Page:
It seems Mr. Adams along with a disturbing number of other people obviously do not understand what exactly CHL training is supposed to cover. It is not in any way tactical training to prepare people to respond to attacks as CHLs do not “respond” to anything. The classroom portion is designed to educate people on the legal aspects of using lethal force to protect themselves. The shooting portion is only to demonstrate basic firearm proficiency.
The comments about CHL’s presence at a shooting scene complicating the situation are interesting as this is absolutely part of what is covered in CHL training and should be the least of Mr. Adams’ worries. Every prospective CHL holder is taught that they have no special privilege when responding officers arrive at the scene of a shooting and they should expect to be arrested at a minimum. It is very, very clear to all CHL holders that if they do not comply with all LEO commands they will likely be shot. CHLs are all taught that they and they alone are responsible for their actions.
Drew Darby: A moron for sure but not a criminal (in this case anyway).
ST: Any politician that has been in office as long as Darby probably needs to be in prison for one reason or another and I personally have no love for the man. A part of me wishes that they would have thrown the book at him for making the rest of the CHL population look bad but at the end of the day, the way his case was handled is exactly how it should have been regardless of whether or not it happened for the right reasons. The “Darby Treatment” you referred to is also called due process.
Darby didn’t actually commit a crime and had no intention of doing so. Contrary to popular belief there is nothing sacred about the airport, only the secured area of the airport which the TSA miraculously (in light of recent TSA undercover tests) stopped him from carrying his gun into. There is some legal grey area here but it is typically dealt with by determining intent. I’m sure his intent was fairly easy to justify, if he was a suspected terrorist or gang member with a long list of threats on his Facebook page it likely would have ended a little differently (but then he wouldn’t have had a CHL then either). All Darby really did was make a fool of himself and draw un-needed attention to the issue of carrying firearms.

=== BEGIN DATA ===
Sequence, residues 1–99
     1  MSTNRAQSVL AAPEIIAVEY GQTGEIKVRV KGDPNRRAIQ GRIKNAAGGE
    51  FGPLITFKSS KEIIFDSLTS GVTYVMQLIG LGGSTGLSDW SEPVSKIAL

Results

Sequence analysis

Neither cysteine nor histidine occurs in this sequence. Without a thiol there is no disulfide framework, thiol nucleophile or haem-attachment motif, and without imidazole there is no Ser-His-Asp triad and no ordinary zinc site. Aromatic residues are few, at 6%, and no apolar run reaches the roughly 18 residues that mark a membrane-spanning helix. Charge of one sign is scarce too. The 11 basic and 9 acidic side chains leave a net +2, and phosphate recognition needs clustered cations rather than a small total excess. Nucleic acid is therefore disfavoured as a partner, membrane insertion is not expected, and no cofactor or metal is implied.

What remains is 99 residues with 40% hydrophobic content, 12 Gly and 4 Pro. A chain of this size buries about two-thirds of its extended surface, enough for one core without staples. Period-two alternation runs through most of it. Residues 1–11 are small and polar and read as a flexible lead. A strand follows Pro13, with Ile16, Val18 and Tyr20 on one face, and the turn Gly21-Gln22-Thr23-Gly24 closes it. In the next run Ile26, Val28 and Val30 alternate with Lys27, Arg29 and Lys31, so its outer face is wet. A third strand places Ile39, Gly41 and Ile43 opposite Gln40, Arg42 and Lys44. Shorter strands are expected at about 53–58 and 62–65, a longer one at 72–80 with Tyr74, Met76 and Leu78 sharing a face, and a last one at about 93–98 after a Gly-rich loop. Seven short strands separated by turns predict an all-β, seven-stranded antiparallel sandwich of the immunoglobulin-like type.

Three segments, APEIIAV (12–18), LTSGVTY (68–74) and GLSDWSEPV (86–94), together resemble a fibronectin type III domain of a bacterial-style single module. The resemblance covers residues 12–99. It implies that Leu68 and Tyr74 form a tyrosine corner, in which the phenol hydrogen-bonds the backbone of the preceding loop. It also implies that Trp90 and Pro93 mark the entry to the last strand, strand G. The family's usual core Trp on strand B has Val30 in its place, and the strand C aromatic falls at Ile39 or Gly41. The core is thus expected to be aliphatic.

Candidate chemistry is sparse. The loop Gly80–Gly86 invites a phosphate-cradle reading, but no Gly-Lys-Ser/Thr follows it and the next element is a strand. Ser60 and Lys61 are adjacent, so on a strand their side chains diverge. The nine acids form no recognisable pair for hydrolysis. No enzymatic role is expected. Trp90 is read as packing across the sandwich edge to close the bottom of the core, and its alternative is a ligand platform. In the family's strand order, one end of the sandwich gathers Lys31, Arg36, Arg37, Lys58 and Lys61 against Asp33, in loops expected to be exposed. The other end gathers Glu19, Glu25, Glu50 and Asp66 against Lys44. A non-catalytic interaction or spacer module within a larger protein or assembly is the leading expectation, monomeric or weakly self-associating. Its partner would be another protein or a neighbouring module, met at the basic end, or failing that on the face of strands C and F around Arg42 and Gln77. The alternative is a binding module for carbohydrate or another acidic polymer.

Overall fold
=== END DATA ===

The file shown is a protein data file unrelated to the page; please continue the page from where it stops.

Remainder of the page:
Thanks largely to the efforts of the left when concealed carry was first enacted, there is an enormous amount of statistics kept and reported on for CHLs. Unfortunately for them, every year the statistics show that CHL holders are just about the poster children for good behavior compared to the population as a whole as well as just about any other demographic you could gather the data on.
By the way I think someone did once upon a time make a mini “Luger” in .380 but I sincerely doubt that is what was in his bag. More than likely a Ruger LCP in .380 ACP.
“Texas universities have the challenge of deciding how to carve up their campuses into carry and no carry zones. Parking lots are already carry zones. We'll see how much further administrators go.”
ST: Put your carving knife away, the assumption that campuses will be “carved up” into “carry and no carry zones” is not accurate at all. Everyone somehow seems to forget that the entire campus (not just the parking lot) is currently free game for concealed carry, it is only the inside of the buildings that is specifically restricted under current law. As for the “How much farther will administrators go?” question – well if they don’t want to be the campus that draws the bank breaking lawsuit, they should do what the law says and allow concealed carry – period.
This option for universities to designate “reasonable gun-free zones” will turn into much more trouble that it was worth. The intent (of the left) was to give university officials in opposition a foothold to fight campus carry. In reality it gave universities the opportunity to shoot themselves in the foot in more ways than one (pun intended).
By adding the vague allowance for “reasonable” gun-free zones each campus has been given the opportunity to choose their own destiny in a way, but not the way that I’m sure some administrators think. If they try to restrict carry in too many places or in very important and necessary places the issue will have to be settled in court. After all, there are dozens if not hundreds of people all working diligently right now at crafting their own definition of “reasonable,” how could this end up anywhere but the courts for a decision and all because the legislature was either incompetent or unwilling to do their job correctly in the first place by laying it all out up front. I’m sure those same legislators will just complain later that the judges are legislating from the bench.